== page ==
Magician dazzles crowd at summer reading program finale

Posted at 4:51 PM on Jul 24, 2019


reading main_0543.jpg


Giggles and gasps of wonder filled the J. Hoyt Hayes Memorial Troutman Library on Wednesday afternoon as magician and educator Steve Somers performed amazing tricks as he talked about the wonderful universe of knowledge available in books.

Somers kept both adults and kids laughing with his hokey jokes and sensational tricks, for which he invited young assistants to assist. Between his deft skills with magical scarves, levitating tables, gravity-defying space water, amazing balancing acts, a blank coloring book with magically appearing drawings and colors, and rabbit David Hopperfield conjured from his magical box, Somers encouraged the kids to use their imaginations to dream big.

Read books and learning can make those dreams come true.

Somers displayed books about Walt Disney, Wilma Rudolf, NASA mathematician Katherine Johnson, and astronauts Alan Shepherd and Neil Armstrong to demonstrate how kids just like them who worked hard achieved their dreams as adults.

Using the summer reading space theme of the Universe of Stories, Somers taught the audience about all the amazing inventions that came from space program research, including laptop size computers, small cameras that people now have in cellphones, the dust buster (used on the moon surface), scratch-resistant lenses, home insulation, and modern athletic shoes.

Somers and his inventor puppet Tucker the Turtle also performed comic antics that left the kids in stitches while teaching them about various inventors and inventions, including George Washington Carver, who came up with 300 ways to use peanuts, and Alexander Graham Bell, who invented the telephone.

He also explained that yummy things like cheeseburgers were invented at a county fair over 100 years ago, while donuts first appeared 500 years ago in Holland.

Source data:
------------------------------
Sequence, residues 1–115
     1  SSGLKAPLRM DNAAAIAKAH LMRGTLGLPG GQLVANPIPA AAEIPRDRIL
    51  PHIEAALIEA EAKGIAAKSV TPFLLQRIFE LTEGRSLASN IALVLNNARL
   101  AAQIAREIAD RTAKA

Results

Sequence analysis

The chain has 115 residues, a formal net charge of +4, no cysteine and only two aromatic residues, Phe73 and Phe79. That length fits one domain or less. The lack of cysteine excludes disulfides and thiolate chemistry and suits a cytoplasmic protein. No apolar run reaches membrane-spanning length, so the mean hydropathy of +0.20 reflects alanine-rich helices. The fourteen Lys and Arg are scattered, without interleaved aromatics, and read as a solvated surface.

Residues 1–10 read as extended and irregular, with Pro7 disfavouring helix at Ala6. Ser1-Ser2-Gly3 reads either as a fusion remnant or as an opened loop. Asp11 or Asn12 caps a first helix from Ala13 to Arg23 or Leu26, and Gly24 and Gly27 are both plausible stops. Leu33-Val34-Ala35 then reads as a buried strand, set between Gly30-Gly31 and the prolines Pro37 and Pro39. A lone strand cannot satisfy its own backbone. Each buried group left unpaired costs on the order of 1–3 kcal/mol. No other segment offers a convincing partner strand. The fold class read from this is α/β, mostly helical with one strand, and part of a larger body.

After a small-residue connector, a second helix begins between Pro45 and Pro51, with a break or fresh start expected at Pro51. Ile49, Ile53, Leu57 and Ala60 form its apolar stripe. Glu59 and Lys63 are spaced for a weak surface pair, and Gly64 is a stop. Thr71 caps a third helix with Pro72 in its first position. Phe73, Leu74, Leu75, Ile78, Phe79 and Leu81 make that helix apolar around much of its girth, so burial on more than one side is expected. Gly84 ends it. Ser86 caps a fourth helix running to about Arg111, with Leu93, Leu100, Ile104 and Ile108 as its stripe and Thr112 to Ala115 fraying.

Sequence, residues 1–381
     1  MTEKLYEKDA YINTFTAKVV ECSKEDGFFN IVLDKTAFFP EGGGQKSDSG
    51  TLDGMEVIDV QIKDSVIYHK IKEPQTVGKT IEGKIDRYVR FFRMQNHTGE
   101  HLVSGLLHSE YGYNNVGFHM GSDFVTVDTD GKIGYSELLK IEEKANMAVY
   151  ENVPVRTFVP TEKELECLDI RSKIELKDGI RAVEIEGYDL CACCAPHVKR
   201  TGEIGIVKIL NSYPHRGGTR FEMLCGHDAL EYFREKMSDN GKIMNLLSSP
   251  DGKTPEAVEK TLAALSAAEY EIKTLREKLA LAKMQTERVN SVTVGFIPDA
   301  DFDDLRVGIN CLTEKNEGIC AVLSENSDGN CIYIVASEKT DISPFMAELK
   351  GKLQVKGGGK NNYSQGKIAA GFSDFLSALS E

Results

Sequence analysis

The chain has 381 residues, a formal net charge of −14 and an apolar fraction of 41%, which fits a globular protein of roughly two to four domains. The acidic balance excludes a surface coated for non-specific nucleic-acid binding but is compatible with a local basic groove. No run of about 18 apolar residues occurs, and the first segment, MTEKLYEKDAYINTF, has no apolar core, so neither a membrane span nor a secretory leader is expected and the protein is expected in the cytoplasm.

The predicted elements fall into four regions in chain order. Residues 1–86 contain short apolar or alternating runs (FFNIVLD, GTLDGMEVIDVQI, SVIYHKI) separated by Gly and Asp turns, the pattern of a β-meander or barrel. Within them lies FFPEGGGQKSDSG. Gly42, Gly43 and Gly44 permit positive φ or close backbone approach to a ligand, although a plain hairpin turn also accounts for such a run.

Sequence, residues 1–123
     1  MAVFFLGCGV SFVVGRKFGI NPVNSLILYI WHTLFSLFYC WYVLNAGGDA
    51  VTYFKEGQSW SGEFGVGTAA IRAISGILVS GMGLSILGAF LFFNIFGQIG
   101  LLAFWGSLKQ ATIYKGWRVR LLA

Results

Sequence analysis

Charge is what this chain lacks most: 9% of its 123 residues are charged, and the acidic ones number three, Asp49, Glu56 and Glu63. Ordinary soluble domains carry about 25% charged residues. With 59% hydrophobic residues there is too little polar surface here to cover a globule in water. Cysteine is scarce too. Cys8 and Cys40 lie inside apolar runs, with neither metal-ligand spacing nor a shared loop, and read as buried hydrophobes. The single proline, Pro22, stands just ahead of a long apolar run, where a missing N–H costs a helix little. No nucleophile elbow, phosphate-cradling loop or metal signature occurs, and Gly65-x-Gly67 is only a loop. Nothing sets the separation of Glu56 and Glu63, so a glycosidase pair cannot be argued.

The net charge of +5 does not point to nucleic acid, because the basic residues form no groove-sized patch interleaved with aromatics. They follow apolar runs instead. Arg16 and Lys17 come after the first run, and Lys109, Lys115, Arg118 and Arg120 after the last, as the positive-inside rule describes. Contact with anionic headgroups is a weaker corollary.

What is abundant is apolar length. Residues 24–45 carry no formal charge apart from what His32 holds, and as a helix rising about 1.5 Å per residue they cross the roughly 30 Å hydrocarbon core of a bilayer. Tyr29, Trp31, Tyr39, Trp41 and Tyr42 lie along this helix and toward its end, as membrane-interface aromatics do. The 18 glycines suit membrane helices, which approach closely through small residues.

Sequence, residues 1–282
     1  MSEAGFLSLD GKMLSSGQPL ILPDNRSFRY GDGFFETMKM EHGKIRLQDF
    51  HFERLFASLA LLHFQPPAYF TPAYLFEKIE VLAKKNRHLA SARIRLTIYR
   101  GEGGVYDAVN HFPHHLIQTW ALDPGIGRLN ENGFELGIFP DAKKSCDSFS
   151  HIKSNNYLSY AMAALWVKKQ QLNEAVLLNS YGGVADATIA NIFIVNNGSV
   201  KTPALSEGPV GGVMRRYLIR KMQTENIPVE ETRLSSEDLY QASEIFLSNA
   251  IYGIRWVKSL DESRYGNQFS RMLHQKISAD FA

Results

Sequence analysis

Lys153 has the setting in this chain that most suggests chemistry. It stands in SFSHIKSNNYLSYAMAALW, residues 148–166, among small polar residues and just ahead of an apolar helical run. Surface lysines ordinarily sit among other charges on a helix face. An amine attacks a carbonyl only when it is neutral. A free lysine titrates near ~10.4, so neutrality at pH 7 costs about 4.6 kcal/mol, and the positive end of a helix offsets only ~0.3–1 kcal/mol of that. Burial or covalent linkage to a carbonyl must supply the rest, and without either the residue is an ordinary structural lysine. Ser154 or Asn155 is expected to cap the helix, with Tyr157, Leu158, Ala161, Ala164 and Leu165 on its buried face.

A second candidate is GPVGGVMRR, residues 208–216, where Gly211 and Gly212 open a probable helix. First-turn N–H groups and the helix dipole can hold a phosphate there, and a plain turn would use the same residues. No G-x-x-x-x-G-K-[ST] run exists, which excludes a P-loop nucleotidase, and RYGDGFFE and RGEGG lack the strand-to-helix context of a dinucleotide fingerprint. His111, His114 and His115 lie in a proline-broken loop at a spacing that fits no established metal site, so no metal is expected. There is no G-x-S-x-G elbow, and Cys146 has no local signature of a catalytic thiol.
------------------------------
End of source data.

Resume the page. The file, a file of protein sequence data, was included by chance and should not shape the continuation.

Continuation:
Somers also encouraged kids to reach beyond what seems “impossible,” challenging them to see everything as possible with a positive attitude. He cited the British Olympian Roger Bannister, the track star who broke the seeming impossible 4-minute mile barrier; the Wright Brothers, who built the first flying machine; and the NASA feat of reach the moon as examples of people believing they could do the impossible.

“Anything is possible if you are willing to work for it and believe in it,” Somers said. “An ‘I can’ attitude can help you do anything” like Philo Farnsworth, who invented the first television at age 14. “He had a positive attitude and a powerful imagination.”

“Imagination helps you see things not as they are but what they can become. You can do it too!”

Somers said his imagination, encouraged by his Aunt Gladys and Uncle Jack, and his love of magic, which he perfected through books about magic tricks, led him to his dream of being a magician and performer for the past 13 years after 20 years in the classroom as a teacher.

“Albert Einstein said that imagination is more important than knowledge. Imagination is a powerful thing, and we all need to use it. My aunt and uncle, if they were here, they would say that imagination is the real power of life.”


To learn more about Steve Somers, visit

Join the VIP Readers' Club!

Creating an account entitles you to the following perks:

Already a member?


Subscribe to SVL Free News Email Alerts

* indicates required